Action Points

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Adventurers track their capacity to perform different actions using Action Points (AP). AP is used for most actions such as moving, attacking, battle maneuvers, magic, and using objects. The AP Cost (APC) of an action varies depending on how much effort that action would take. At the start of each turn, you gain 3 AP, and then gain additional AP based on your COR. If you had any Reactive AP (see below), you may add some of it to your new pool of AP.

Coordination (COR) Bonus AP
-3 -2
-2 to -1 -1
0 to 1 0
2 to 3 +1
4 to 5 +2
6 to 7 +3
8 to 9 +4
10 to 11 +5
12 +6

You may spend your AP as you deem appropriate on your turn. Any AP that you do not spend during your turn becomes Reactive AP, which you can spend during the round of combat before the start of your next turn. When you start your next turn, you can carry over a finite amount of Reactive AP. You can retain no more Reactive AP than 1⁄2 your level + 1. (i.e., a level 1 or 2 character can retain 2 Reactive AP, a level 3 or 4 character can retain 3 Reactive AP, etc.) At the start of your turn, you add this remaining Reactive AP to your new pool of AP.

Note: Some features, like the Berzerker’s Blood Rage and the Cleric’s Supportive ability, allow you additional AP (respectively, “Rage AP” and “Support AP”) that follow special rules. You can only ever have one source of special AP. If you would gain more than one source of special AP, you can choose which type of special AP you keep.


Actions cost varying amounts of AP, referred to as Action Point Costs (APC). You can do any combination of things on your turn, in any order you wish, provided you have enough AP to spend, and you can spend AP on the same action multiple times in a turn.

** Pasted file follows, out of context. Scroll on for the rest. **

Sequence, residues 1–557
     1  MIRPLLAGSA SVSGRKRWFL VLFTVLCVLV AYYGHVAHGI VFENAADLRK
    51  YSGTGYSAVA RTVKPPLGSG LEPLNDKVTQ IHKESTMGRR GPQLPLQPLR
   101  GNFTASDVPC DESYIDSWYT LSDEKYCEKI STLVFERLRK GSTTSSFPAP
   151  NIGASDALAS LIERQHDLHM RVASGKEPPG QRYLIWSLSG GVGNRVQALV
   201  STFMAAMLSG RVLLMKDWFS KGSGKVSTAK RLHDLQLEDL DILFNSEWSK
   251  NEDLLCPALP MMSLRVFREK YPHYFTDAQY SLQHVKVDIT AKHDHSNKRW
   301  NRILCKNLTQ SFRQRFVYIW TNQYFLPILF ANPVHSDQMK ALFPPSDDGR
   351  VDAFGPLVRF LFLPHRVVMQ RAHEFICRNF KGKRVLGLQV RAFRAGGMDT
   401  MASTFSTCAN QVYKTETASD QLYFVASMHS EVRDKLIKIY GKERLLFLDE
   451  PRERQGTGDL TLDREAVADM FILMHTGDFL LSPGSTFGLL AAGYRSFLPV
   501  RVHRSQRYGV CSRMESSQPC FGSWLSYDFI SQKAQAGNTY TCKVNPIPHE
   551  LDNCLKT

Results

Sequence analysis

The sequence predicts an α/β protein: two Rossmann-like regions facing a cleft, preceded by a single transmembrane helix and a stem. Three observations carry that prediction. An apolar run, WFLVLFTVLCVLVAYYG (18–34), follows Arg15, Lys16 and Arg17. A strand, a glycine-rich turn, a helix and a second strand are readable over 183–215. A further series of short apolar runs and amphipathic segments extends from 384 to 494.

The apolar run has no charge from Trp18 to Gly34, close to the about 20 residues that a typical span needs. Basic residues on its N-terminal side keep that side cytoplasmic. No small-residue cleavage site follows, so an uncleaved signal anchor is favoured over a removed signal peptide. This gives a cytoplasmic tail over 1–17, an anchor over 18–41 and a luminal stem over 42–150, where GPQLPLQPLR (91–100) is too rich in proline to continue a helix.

All adventurers start with a base speed of 20 ft. You can spend 1 AP to move up to your Speed. This movement ends when you spend your next AP. If you have a Climb, Swim, Fly, or Burrow speed, that means that you can do those kinds of movements as well. If you combine movements (say you run, then fly over a trench, then keep running) - you use the largest movement number for your total movement (instead of adding them together), and cannot move more than your maximum speed in any specific type of movement. For example:

• If you have Speed 20, Swim 20, and Fly 30, then for 1 AP:

• You can run 10 ft, swim 10 ft, and fly 10 ft

• You cannot swim 30 ft.

• If you do not have a climb speed or a swim speed, but wish to climb a surface or swim, it costs 2 ft of movement for every 1 ft that you actually move. If the surface might be challenging to climb, then your MC might also require you to make a STR check, and if you have the Athletics skill, you can add that bonus to checks of this nature.

Difficult Terrain costs 2 ft of movement for every 1 ft that you actually move. Hazardous Terrain costs as much movement as Difficult Terrain, and will also specify an amount of damage that you take for every 5 ft actually moved.


While moving, you may need to jump. You cannot jump farther than you can move. Your vertical jump distance is 3 ft + a number of ft equal to your STR. Your horizontal jump distance is double your vertical jump distance.

Moving through Creatures

You may move through an allied creature’s space, but this counts as difficult terrain. You may not end your turn in an allied creature’s space. You may not move through a hostile creature’s space unless that creature is Paralyzed, Restrained, Unconscious, or at least 3 Sizes larger than you. In that case, moving through a hostile creature’s space counts as difficult terrain.

Weapon Attacks

Each weapon specifies how many AP it takes to make an attack with it. Some have set numbers of AP, and others have high APCs that you can lower through training.


• A dagger always costs 2 AP

• A longsword costs 5-STR, min 2 AP; this means that it costs 5 AP to use a longsword, but you subtract your STR from that number, to a minimum of 2.

• A morningstar costs 5-STR min 3, but has the Hand-and-a-Half tag to reduce the APC by 1 (min 2); this means that if you are using the morningstar with 2 hands, you can attack more efficiently

Drawing and sheathing weapons

Drawing and sheathing weapons cost 1 AP if the weapon has the Unwieldy tag. Otherwise, the cost is 0 AP.